Three projects aimed at lowering carbon emissions are to benefit from a new round of grant funding.
Greater Birmingham and Solihull Local Enterprise Partnership (GBSLEP) has allocated up to £105,000 from its Low Carbon Grant Fund to the group to help them develop new products and services.
The funding will be used to undertake feasibility work for products that can support the decarbonisation of the region’s economy.
The recipients are Energym, IPV Flexgen and a partnership of the Confederation for British Metalforming, University of Birmingham and Kelvin Thermotech which will receive up to £35,000 each.
Energym is a precision engineering start-up in Birmingham and will use the grant to accelerate the development of its indoor fitness bike RE:GEN.
CoventryLive Business Awards 2021
The CoventryLive Business Awards are back for 2021 and now open for entries here.
The event will be held at Coventry Building Society Arena on October 14 and will celebrate achievement across a broad range of categories including our overall Company of the Year.
The deadline to enter the awards is Friday August 20 and sponsorship opportunities are also now available.
Please email firstname.lastname@example.org for details and follow the hashtag #CovLiveBusinessAwards for updates on social media.
It captures and converts human power into clean electricity for charging electronic devices.
The team has secured patent design certifications and is preparing for a wider rollout of the bike to ensure it is compatible with fitness apps such as Zwift.
IPV Flexgen is using its grant to develop the Brandon Reach Gateway site on the A46 in Coventry.
This new facility will develop a renewable-powered, microgrid system connected to a farming facility to grow crops and generate power, combining a number of low-carbon technologies including solar panels and hydrogen fuel cell technology.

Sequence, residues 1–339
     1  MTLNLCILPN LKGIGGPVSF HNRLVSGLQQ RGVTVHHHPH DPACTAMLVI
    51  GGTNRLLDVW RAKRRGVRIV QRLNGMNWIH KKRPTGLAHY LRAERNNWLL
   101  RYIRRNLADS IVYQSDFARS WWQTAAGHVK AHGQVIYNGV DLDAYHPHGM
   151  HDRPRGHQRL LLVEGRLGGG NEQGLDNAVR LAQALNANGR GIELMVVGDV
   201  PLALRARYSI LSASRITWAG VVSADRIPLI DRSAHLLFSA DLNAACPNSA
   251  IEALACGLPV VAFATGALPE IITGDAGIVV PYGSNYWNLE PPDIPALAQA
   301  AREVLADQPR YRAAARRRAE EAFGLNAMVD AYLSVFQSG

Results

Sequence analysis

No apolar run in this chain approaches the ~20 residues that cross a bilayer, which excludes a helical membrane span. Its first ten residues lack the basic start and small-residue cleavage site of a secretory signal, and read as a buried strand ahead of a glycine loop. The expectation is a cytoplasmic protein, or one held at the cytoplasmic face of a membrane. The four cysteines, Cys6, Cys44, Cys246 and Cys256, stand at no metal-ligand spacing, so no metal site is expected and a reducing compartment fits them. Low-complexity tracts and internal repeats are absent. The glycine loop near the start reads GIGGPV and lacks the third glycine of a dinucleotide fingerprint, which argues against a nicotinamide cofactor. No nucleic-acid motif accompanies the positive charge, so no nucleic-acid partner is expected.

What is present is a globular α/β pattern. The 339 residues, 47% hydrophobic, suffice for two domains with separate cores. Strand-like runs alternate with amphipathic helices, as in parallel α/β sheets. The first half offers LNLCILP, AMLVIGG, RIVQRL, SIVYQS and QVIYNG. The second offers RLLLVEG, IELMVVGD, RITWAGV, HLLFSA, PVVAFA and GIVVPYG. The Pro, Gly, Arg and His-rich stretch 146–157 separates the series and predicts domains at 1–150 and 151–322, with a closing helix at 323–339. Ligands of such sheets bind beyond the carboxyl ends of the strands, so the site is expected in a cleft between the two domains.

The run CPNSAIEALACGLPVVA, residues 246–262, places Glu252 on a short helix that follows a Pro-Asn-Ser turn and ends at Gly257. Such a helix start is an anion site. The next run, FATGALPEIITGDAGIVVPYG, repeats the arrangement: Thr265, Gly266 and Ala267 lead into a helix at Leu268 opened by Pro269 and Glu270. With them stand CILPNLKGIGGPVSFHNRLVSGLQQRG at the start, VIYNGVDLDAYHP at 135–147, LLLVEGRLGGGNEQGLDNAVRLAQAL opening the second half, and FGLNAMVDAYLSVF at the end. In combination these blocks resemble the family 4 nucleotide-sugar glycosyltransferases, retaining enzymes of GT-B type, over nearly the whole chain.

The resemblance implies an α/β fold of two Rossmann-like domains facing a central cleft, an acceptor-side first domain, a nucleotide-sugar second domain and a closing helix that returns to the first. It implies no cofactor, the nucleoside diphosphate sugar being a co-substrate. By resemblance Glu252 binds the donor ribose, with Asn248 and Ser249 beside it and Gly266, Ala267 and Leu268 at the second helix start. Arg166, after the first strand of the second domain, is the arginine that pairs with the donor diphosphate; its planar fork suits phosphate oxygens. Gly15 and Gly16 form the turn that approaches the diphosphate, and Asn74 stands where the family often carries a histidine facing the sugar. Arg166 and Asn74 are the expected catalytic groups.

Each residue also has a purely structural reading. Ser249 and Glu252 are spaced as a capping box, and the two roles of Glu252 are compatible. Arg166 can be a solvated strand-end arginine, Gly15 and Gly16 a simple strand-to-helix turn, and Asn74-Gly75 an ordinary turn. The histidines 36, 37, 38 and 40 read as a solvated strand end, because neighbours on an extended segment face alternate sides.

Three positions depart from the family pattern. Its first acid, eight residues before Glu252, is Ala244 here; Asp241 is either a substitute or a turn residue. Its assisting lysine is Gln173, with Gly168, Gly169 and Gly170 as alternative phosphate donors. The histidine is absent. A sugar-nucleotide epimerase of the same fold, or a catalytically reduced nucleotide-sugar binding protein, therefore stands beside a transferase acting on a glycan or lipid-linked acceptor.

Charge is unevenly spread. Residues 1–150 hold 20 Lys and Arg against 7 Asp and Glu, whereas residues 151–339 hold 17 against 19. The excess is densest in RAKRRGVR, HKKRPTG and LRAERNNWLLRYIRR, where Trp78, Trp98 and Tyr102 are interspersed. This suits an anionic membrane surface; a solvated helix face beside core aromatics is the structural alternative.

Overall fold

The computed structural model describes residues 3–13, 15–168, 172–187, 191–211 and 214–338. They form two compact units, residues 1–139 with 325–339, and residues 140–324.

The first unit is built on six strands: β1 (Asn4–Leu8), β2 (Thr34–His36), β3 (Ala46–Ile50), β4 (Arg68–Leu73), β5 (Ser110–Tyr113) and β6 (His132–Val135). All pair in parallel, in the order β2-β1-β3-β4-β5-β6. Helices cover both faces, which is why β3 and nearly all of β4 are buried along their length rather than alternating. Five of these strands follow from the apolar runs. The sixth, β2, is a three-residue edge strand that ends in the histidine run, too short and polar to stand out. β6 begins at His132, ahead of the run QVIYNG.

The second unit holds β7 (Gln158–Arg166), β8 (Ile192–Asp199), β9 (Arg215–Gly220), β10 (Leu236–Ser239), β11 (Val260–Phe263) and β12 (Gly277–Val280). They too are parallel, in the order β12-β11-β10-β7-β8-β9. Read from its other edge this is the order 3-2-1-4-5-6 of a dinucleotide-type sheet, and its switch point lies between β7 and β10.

Finally, in a move to address productivity and efficiency challenges faced by metal forming companies in the Black Country, the Confederation for British Metalforming and its partners will explore waste heat recovery solutions using composite ‘phase change materials’.
These can capture high-grade waste heat which can be stored and used later on in industrial processes that require lower temperatures.
Research by the University of Birmingham indicates this technology could even open up opportunities to trade heat across the region to respond to local needs.
Councillor Ian Courts, net zero board champion at GBSLEP, said: “The Low Carbon Grant Fund was launched last year to provide innovators with early-stage funding during the challenging economic conditions caused by the global pandemic.
“This regional innovation will help the region continue to grow its low-carbon sector while also supporting the Government’s national commitment to achieve net zero by 2050 and the West Midlands Combined Authority target of 2041.
“Unlocking growth in the low-carbon sector is crucial to delivering local, regional and national decarbonisation targets as well as delivering new investment and creating jobs.
“Recent analysis from the Midlands Energy Hub indicates that up to 168,000 low carbon jobs could be created by 2050 to deliver on national Net Zero targets.”